How it works

Data model

First, let's explore the data model for Prospector. We have two main tables: notifiers and urls. The notifiers table stores the email address and keyword that we want to monitor. The urls table stores the URL and sitemap that we want to scrape. The notifiers table has a one-to-many relationship with the urls table, meaning that each notifier can have many URLs associated with it.

In addition, we have a sitemaps table that stores the sitemap URLs that we've scraped. Many larger websites don't just have a single sitemap: the Cloudflare blog, for instance, has a primary sitemap that contains four sub-sitemaps. When the application is deployed, a primary sitemap is provided as configuration, and Prospector will parse it to find all of the sub-sitemaps.

Finally, notifier_matches is a table that stores the matches between a notifier and a URL. This allows us to keep track of which URLs have already been matched, and which ones still need to be processed. When a match has been found, the notifier_matches table is updated to reflect that, and "matches" for a keyword are no longer processed. This saves our SEO experts from a crowded inbox, and allows them to focus and act on new matches.

Connecting the pieces with Cloudflare Queues
Cloudflare Queues acts as the work queue for Prospector. When a new notifier is added, a new job is created for it and added to the queue. Behind the scenes, Queues will distribute the work across multiple Workers, allowing us to scale the application as needed. When a job is processed, Prospector will scrape the URL and check for matches. If a match is found, Prospector will send an email to the notifier's email address.

Using the Cron Triggers functionality in Workers, we can schedule the scraping process to run at a regular interval - by default, once a day. This allows us to keep our data up-to-date, and ensures that we're always notified of any changes to our website. It also allows the end-user to configure when they receive emails in case they want to receive them more or less frequently, or at the beginning of their workday.

The Module Workers syntax for Workers makes accessing the application bindings - the constants available in the application for querying D1, Queues, and other services - incredibly easy. src/index.ts, the entrypoint for the application, looks like this:

import { DBUrl, Env } from './types'

import {
} from './functions';

import h from './api'

export default {
  async fetch(
	request: Request,
	env: Env,
	ctx: ExecutionContext
  ): Promise<Response> {
	return h.fetch(request, env, ctx)

  async queue(
	batch: MessageBatch<Error>,
	env: Env
  ): Promise<void> {
	for (const message of batch.messages) {
  	const url: DBUrl = JSON.parse(message.body)
  	await handleQueuedUrl(url, env.DB)

  async scheduled(
	env: Env,
  ): Promise<void> {
	await scheduled({
  	authToken: env.AUTH_TOKEN,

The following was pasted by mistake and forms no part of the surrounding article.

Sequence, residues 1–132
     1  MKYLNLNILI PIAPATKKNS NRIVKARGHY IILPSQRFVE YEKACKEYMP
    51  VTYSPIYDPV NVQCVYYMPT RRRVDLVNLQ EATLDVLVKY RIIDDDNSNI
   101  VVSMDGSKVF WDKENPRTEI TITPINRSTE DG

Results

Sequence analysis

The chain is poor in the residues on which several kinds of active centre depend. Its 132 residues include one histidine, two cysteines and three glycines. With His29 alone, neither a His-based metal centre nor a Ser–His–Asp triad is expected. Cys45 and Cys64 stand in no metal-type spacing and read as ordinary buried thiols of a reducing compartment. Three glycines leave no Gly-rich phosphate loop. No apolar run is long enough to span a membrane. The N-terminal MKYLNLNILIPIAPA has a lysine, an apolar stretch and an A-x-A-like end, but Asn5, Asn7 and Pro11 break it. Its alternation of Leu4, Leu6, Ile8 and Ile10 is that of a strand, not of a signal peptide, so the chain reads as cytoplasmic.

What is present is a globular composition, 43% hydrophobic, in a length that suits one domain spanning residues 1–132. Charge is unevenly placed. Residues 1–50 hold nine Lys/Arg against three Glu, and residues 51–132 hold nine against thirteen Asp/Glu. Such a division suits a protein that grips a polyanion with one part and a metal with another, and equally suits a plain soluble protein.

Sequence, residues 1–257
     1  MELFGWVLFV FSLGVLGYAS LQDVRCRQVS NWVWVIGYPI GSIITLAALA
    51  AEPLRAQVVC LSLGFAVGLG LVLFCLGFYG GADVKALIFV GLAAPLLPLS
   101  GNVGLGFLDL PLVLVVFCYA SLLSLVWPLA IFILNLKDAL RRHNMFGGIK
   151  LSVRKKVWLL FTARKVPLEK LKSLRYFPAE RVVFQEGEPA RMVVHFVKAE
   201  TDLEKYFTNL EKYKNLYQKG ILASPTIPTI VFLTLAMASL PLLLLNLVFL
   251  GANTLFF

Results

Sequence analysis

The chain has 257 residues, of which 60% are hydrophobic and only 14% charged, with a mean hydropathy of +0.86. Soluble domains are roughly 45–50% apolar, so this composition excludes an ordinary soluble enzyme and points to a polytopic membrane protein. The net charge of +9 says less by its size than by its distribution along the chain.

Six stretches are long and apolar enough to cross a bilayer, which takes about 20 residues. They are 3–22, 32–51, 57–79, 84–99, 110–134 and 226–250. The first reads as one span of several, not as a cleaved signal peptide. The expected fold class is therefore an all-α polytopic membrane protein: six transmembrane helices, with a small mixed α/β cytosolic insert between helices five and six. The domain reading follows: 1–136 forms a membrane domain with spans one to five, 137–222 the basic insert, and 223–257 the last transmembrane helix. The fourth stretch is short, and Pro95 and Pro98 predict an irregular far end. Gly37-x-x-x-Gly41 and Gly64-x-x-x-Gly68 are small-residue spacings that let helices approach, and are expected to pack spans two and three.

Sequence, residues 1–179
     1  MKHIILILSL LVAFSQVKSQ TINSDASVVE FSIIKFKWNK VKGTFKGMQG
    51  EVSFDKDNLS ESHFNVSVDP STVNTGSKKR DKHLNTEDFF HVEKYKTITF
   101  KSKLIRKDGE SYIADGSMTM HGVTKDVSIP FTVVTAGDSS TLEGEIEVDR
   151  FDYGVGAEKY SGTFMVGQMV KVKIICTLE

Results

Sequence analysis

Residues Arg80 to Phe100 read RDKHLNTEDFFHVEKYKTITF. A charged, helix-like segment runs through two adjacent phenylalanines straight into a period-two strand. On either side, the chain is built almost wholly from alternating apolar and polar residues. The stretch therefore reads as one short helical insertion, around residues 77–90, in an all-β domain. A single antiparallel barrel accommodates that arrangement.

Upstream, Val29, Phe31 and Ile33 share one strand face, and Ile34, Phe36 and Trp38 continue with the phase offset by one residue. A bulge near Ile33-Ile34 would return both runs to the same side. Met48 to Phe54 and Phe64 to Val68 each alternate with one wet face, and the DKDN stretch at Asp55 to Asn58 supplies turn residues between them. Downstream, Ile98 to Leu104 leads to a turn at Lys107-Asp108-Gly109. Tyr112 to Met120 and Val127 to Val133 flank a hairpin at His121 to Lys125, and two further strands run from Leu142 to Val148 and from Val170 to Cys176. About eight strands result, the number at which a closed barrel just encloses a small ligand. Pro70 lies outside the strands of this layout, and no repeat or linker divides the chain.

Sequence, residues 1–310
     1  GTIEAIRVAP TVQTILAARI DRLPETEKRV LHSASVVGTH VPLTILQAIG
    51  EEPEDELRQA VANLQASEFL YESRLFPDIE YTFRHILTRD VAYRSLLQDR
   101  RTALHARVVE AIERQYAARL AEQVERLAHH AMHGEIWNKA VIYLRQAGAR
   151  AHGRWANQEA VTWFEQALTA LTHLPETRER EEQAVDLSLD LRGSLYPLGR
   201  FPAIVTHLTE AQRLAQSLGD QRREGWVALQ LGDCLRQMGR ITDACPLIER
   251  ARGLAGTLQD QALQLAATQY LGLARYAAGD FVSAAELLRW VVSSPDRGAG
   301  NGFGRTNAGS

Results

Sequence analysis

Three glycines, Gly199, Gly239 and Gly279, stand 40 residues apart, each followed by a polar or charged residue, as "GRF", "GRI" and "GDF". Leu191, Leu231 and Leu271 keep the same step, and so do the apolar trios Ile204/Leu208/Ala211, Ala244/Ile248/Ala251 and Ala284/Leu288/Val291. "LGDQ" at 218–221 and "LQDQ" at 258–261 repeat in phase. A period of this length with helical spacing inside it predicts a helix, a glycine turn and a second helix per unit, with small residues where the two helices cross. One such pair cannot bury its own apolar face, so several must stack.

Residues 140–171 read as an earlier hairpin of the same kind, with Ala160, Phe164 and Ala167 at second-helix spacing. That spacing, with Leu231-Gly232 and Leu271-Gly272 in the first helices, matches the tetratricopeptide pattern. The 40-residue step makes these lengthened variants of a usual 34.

db: env.DB,
  	queue: env.QUEUE,
  	sitemapUrl: env.SITEMAP_URL,

With this syntax, we can see where the various events incoming to the application - the fetch event, the queue event, and the scheduled event - are handled. The fetch event is the main entrypoint for the application, and is where we handle all of the API routes. The queue event is where we handle the work that's been added to the queue, and the scheduled event is where we handle the scheduled scraping process.

Central to the application, of course, is Workers - acting as the API gateway and coordinator. We've elected to use the popular open-source framework Hono, an Express-style API for Workers, in Prospector. With Hono, we can quickly map out a REST API in just a few lines of code. Here's an example of a few API routes and how they're defined with Hono:

const app = new Hono()

app.get("/", (context) => {
  return context.html(index)
})"/notifiers", async context => {
  try {
	const { keyword, email } = await context.req.parseBody()
	await context.env.DB.prepare(
  	"insert into notifiers (keyword, email) values (?, ?)"
	).bind(keyword, email).run()
	return context.redirect('/')
  } catch (err) {
	return context.text("Something went wrong")

app.get('/sitemaps', async (context) => {
  const query = await context.env.DB.prepare(
	"select * from sitemaps"
  const sitemaps: Array<DBSitemap> = query.results
  return context.json(sitemaps)

Crucial to the development of Prospector are the improved TypeScript bindings for Workers. As announced in November of last year, TypeScript bindings for Workers are now automatically generated based on our open source runtime, workerd. This means that whenever we use the types provided from the @cloudflare/workers-types package in our application, we can be sure that the types are always up-to-date.

With these bindings, we can define the types for our environment variables, and use them in our application. Here's an example of the Env type, which defines the environment variables that we use in the application: